Alternatively, if they are giving financially (treasure), don’t lean on them to also run a fundraiser (time). Especially if someone is compelled by giving treasure, do not expect a long (or any) phone call. Yes, you have great stories to share! But, if they are not performing, they are not making money…in part…to support you.
IDEA: Start a Google Sheet (g-sheet) or spreadsheet listing all of your partners in the first column. Create 3 more columns. One each for time, talent, and treasure. For now, start by adding an X or Y for “Yes” for each person in the ways they are giving. If you like colors, use those in the cells.
Later, you can get descriptive about the details of their giving. If someone is in all 3 columns (giving time, talent, and treasure) even if it’s your Mother!, be wary of expecting or asking more from them. Instead, focus on adding new people to fill the areas that are lacking.
2. Be aware of the scope of practice. The internet police are out there. There are lots of people who give advice without qualification. That’s okay for some people, I guess. But, just as you wouldn’t ask your doctor to help you file your tax return, you wouldn’t want to ask someone who is not an attorney (or at least extremely experienced in governance in your type of business in your country or state) to review your legal or governing documents.
IDEA: Add one more column to your g-sheet, just after Name with Occupation. Then, if you have a specific need for certain skills, you can ask the person with this scope of practice, assuming they are not already giving a ton of treasure.
If the person is already giving treasure, be very careful with their time. Ask them for a specific amount of time or a specific project. They have ongoing responsibilities so having time parameters will help them decide if they can fit it in.
3. Spread the responsibility. In the non-profit world, there is the concept of an “anchor partner”, where one person/couple or a very small group of people give a larger sum (treasure) consistently, essentially “anchoring” the organization.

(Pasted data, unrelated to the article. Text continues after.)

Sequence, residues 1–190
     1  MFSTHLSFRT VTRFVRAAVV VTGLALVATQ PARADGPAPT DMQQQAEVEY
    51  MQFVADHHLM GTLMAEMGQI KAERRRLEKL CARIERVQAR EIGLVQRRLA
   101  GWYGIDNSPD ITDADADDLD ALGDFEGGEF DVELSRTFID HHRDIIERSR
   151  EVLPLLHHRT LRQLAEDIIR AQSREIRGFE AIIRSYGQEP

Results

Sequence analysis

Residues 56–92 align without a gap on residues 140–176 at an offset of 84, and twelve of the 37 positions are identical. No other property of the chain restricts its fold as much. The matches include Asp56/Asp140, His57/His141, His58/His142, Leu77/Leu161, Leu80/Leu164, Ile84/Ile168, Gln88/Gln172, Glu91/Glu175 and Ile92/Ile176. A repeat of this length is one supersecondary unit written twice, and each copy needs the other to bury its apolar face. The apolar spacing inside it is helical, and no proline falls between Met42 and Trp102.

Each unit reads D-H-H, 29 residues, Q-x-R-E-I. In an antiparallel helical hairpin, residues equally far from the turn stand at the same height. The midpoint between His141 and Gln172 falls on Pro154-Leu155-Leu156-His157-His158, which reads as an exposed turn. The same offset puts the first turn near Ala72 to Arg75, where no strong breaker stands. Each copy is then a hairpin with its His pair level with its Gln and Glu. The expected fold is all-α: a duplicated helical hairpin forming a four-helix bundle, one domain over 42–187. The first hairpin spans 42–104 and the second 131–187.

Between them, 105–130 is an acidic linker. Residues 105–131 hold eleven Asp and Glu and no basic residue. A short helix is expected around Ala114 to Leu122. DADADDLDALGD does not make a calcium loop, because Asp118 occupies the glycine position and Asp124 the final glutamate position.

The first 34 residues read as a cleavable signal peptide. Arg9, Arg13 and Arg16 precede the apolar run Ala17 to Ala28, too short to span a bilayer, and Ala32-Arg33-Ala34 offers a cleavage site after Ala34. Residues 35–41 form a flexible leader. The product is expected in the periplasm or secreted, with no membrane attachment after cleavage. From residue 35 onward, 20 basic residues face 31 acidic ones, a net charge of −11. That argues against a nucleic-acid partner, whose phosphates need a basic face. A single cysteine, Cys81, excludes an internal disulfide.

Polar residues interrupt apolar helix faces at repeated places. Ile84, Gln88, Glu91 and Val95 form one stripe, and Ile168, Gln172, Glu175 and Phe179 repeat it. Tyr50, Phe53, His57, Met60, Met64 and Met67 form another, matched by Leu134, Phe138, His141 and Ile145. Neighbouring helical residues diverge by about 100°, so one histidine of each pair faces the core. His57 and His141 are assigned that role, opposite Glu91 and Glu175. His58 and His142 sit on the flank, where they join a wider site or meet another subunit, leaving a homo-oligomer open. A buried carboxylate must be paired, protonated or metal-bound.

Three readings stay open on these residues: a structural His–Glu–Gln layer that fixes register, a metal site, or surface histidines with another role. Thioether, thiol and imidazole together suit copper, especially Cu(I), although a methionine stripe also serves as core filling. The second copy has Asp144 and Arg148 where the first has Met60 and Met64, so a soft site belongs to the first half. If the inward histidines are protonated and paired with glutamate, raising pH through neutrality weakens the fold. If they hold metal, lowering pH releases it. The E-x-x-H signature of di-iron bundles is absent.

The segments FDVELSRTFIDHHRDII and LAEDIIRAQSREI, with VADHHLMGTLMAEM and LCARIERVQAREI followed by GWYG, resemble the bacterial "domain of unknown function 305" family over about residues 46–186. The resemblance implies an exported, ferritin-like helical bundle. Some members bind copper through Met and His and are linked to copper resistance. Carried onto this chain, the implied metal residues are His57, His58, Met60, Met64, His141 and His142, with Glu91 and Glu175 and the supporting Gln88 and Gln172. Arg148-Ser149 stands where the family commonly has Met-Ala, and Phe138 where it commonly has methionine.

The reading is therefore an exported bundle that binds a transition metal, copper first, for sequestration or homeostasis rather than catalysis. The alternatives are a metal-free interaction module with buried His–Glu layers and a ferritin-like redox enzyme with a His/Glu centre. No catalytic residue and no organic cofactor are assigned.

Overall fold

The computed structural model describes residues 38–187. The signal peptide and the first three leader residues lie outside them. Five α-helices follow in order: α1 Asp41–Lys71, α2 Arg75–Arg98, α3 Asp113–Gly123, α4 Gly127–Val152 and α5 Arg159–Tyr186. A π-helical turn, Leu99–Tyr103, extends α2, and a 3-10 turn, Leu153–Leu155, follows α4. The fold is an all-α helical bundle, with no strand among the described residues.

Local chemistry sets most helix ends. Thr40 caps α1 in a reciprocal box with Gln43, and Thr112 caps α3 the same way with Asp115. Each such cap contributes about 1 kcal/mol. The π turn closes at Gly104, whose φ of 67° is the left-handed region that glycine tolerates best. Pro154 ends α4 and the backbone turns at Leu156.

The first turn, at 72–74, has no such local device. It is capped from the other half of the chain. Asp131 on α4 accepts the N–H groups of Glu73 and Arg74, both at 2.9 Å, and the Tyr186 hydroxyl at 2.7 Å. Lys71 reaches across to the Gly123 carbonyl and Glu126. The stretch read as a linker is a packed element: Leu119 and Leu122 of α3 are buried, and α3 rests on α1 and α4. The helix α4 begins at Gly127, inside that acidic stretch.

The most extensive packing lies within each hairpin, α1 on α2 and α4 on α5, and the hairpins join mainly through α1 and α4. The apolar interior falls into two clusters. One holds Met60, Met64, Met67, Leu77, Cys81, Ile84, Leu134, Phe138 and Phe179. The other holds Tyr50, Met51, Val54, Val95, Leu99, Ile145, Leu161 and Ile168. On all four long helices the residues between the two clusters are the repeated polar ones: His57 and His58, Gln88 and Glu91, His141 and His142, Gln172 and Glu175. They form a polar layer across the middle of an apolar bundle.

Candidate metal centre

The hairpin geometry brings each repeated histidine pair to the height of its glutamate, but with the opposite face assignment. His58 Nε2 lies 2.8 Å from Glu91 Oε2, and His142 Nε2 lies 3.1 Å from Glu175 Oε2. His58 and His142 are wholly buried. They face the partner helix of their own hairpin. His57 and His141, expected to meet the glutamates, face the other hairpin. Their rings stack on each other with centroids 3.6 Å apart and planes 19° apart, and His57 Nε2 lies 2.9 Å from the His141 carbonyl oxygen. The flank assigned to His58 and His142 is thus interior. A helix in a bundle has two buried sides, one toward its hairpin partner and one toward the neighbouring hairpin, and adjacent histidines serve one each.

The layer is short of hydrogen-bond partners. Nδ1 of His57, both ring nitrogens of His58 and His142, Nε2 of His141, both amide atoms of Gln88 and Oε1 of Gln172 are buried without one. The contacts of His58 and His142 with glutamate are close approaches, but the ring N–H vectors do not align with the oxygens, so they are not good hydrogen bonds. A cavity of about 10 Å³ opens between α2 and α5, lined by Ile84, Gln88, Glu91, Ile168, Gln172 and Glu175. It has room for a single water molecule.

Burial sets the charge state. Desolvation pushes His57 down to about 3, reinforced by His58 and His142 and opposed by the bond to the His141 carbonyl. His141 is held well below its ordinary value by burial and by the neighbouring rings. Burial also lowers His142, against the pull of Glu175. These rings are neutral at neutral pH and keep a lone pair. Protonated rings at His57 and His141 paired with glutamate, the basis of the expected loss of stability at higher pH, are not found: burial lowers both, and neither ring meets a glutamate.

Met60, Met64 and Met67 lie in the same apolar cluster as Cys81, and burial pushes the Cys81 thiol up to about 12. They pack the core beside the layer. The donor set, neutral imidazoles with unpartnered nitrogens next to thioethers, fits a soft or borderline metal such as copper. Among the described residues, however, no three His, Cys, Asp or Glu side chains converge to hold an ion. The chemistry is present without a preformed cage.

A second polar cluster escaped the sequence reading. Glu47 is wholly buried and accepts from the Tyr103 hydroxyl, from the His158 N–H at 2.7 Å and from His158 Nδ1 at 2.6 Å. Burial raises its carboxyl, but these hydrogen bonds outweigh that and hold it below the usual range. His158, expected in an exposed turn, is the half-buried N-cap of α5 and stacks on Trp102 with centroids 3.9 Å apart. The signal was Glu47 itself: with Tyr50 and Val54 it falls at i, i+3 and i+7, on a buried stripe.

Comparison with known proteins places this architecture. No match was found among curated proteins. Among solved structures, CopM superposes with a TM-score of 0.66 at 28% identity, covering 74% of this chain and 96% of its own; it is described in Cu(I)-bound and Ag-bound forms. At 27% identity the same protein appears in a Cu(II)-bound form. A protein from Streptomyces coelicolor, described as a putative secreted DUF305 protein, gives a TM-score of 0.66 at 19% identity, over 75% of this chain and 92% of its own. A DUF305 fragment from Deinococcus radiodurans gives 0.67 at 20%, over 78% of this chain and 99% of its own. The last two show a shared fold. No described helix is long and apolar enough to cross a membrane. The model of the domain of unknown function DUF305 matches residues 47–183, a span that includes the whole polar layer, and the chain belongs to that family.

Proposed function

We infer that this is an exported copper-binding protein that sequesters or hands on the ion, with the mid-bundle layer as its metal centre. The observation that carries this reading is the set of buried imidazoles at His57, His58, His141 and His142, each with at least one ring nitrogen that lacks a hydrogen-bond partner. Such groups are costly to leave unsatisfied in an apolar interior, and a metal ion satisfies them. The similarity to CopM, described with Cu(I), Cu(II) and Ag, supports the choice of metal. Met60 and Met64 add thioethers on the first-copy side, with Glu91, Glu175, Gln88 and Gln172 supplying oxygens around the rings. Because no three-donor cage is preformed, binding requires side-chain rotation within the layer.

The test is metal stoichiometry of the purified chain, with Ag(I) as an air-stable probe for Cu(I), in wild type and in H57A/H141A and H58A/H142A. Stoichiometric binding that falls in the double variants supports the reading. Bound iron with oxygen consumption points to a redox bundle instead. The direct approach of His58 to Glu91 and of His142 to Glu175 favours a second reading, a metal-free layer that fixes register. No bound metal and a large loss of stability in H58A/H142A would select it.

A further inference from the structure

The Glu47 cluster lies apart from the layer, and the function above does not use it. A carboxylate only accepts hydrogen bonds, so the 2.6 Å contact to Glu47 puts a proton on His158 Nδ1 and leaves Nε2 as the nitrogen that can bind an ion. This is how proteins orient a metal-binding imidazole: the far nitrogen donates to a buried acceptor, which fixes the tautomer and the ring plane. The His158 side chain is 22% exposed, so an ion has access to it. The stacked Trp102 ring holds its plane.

Let me ask you: What happens when the anchor on a boat breaks loose? The boat is adrift.
From a business perspective, a business is much more valuable if it has many customers each generating less revenue versus a few primary customers generating more revenue. Why? Because the risk is spread out.
If you have started out with a major donation or investment, that is a wonderful gift! If you have people who feel called to be your anchor partner, that is also a gift. But, do not rely solely on them. This is a huge risk in any organization. What if one of them gets sick or dies? If they are married, are you going to expect the devastated spouse to keep the donation coming? What if they don’t have a spouse or the spouse isn’t the one who rights the checks? What if their business is in jeopardy?
IDEA: Look at large, consistent gifts as a buffer or cushion while you do everything you can to find other partners and diversify your income sources. Do not rely on them indefinitely. Make a plan and set goals to support your revenue needs without that anchor or “primary customer.”
Sharing the wealth…and the responsibility among the stakeholders in your organization is about enabling people to give as they are compelled, but not burning them out. It’s common for us to get to a place of burn-out and desperation when one thing after another doesn’t go the way we hoped.
However, we must rise above and know where our Help comes from…and it’s not all from one or a few humans. This is not to say that miracles don’t happen, because they do! I am living proof! But, it’s important to manage our social capital wisely.
If you’re looking for more guidance in this (or any) area of your social enterprise, journaling gives the incredible gift of insight. Download your Free 5-Day Promoted Journal here! If you have an acute area of concern and are seeking answers, download your Free Quick Cards here. This is an excellent resource for receiving mid-crisis clarity.
If you'd like to talk further about working with stakeholders, connect with me on LinkedIn!